This is ORG's Policy Update for the week beginning 03/07/2015
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Caspar Bowden, popular, respected and outspoken privacy campaigner, has sadly died of cancer. He was a strong opponent of mass surveillance and had been a director for the Tor Project, in charge of overseeing the development of the Tor browser. See our post for further details.
- 1 Debates
- 2 Legal Developments
- 3 Reports
- 4 International Developments
- 5 European Union
- 6 ORG Media coverage
- 7 ORG contact details
House of Lords' debate on the Anderson report
The House of Lords held a debate on Wednesday, July 8th, on the report of the investigatory Powers Review written by David Anderson Q.C. and in the light of the future debate on the Investigatory Powers Bill this Autumn. There was a consensus on the quality and thoroughness of the report. Lord Bates from the Home Office argued that the report show how much the intelligence and law enforcement services take into account the protection of British citizens' privacy.
The main point of debate between the Lords was on the question of the power to issue warrants. Baroness Manningham-Buller argued that this power must remain with Secretaries of State, as they have political accountability. On the opposite side, Lord Strasburger advocated for a judicial issuing of warrants, on the grounds that judges are the guarantors of individuals' liberties. Lord Scriven made a long case against mass surveillance, which he described as opposed to the values that the United Kingdom stands for.
DRIPA discussed in Court this week
A hearing was held at the Royal Courts of Justice on Thursday, July 9th, to determine if the challenge to the Data Retention and Investigatory Powers Act 2014 brought by MPs David Davis and Tom Watson should be brought to the European Court of Justice. This challenge focuses on whether DRIPA is compatible with European laws and the European Convention of Human Rights. Open Rights Group and Privacy International made submissions at the start of the proceeding, and made the point that the European Court of Justice has already set out the requirements that domestic law must follow in order to comply with European requirements on the protection of privacy.
Liberty, the NGO representing the two MPs, opposed the government's request to refer the case to the ECJ, as it would considerably delay the final judgment, while the so-called “Snoopers' Charter” is expected to be presented to Parliament this Autumn. The Court rejected the reference request, and is expected to issue its judgment next week.
Cryptography experts warn against the danger of weakening encryption
An influential group of cryptography experts has published a report strongly advocating against “backdoor” access to encrypted data to governments, or any other form of weakening of encryption. Prime Minister David Cameron and U.S. President Barack Obama have called for such measures, although in veiled terms. No concrete legislative proposals on the subject has been released yet. The experts argue that “these proposals are unworkable in practice, raise enormous legal and ethical questions, and would undo progress on security at a time when Internet vulnerabilities are causing extreme economic harm.”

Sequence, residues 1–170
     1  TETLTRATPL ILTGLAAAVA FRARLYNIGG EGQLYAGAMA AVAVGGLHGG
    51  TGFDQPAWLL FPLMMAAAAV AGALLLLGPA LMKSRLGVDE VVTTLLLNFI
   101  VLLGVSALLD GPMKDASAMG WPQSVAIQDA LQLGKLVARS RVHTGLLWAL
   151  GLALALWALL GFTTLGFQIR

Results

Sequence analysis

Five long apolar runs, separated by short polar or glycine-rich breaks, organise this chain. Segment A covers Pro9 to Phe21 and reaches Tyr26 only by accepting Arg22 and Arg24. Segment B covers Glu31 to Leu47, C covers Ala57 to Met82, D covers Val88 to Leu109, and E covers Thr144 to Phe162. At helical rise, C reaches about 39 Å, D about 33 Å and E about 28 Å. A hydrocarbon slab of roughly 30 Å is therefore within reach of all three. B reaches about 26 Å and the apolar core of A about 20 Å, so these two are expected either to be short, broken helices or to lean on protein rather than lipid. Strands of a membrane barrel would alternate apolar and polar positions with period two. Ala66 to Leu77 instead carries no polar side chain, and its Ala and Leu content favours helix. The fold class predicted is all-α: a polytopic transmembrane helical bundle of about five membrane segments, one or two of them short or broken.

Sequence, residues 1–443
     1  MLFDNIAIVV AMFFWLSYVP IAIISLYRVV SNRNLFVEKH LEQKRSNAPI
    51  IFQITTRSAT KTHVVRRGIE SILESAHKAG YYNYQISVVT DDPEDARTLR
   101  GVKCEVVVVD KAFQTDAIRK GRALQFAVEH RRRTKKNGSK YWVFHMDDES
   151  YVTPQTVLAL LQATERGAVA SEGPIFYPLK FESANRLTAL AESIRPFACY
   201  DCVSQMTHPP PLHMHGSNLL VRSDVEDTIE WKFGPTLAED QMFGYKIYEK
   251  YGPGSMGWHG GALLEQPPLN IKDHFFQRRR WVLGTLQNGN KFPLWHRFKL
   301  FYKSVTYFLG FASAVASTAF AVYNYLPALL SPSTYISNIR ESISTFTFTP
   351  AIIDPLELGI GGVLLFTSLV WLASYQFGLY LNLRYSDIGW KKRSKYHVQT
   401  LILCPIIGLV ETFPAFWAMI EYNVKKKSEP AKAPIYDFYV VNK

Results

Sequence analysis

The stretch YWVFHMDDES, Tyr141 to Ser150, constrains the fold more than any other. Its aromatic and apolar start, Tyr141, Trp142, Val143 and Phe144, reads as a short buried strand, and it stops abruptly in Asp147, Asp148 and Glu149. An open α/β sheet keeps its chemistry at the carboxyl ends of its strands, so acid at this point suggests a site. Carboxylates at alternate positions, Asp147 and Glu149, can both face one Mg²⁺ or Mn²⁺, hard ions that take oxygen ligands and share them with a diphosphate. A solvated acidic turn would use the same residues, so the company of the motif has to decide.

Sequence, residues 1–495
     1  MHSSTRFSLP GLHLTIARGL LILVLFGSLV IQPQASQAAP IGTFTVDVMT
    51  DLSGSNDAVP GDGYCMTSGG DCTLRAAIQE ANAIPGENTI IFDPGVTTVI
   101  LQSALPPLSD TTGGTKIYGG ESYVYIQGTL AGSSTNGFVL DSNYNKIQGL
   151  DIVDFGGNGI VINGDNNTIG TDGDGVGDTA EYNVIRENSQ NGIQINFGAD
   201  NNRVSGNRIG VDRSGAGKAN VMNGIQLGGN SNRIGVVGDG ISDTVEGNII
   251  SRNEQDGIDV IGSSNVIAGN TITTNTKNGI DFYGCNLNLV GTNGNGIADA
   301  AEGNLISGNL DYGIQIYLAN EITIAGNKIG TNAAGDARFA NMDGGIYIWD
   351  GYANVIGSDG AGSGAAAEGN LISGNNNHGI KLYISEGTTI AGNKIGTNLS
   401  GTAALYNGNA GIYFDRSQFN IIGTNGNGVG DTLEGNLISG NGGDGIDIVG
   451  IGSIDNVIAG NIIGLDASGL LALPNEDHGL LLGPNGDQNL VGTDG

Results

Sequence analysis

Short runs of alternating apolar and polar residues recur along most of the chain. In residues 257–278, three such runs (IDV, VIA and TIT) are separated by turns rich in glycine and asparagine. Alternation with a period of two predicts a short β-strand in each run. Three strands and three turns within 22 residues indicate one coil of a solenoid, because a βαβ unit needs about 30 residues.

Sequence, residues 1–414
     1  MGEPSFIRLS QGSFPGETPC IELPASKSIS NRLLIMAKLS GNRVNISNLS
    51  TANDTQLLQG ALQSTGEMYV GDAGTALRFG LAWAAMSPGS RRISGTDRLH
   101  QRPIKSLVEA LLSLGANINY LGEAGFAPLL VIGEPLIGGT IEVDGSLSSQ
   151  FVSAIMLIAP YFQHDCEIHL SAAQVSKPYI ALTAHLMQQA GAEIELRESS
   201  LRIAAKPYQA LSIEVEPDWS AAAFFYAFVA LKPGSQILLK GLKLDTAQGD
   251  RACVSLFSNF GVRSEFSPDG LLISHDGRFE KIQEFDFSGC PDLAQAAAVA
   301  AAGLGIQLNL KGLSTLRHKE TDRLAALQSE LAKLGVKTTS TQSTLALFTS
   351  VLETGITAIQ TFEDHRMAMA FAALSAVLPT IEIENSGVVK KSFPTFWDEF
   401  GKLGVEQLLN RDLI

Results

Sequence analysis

Ross Anderson, one of the authors of the report, compared in a blog post the current situation with the "crypto wars" of the mid-90s, during which the Clinton administration required the implementation of a chip in electronic devices in order to access all communications, but had to back down when it was proven that this would greatly compromise communications' security.
Company selling surveillance software hacked
Hacking Team, a Milan-based company, was hacked last weekend, and allegedly, over 400 GB of data from its computers have been leaked. The company sells spyware to governments, and has been criticised by civil rights group for selling to countries with poor human rights records. Reporters Without Borders designated it as an “enemy of the Internet” for its trade with Saudi Arabia, Kazakhstan and Turkey. The recent leaks add even more countries, such as Sudan and Azerbaijan, to the list.
In internal e-mails, high-ranking employees bragged about “the evilest technology on earth” and explained ways that the company's softwares could circumvent protection such as the use of TOR for anonymity or HTTPS against third-party interception.
Dutch MEP Marietje Schaake called for member states to stop using Hacking Team services and demanded the opening of an investigation into its commercial practices. Selling spyware could breach European sanctions against states such as Sudan and Russia
Social media providers could have to refer any “terrorist activity” to US law enforcement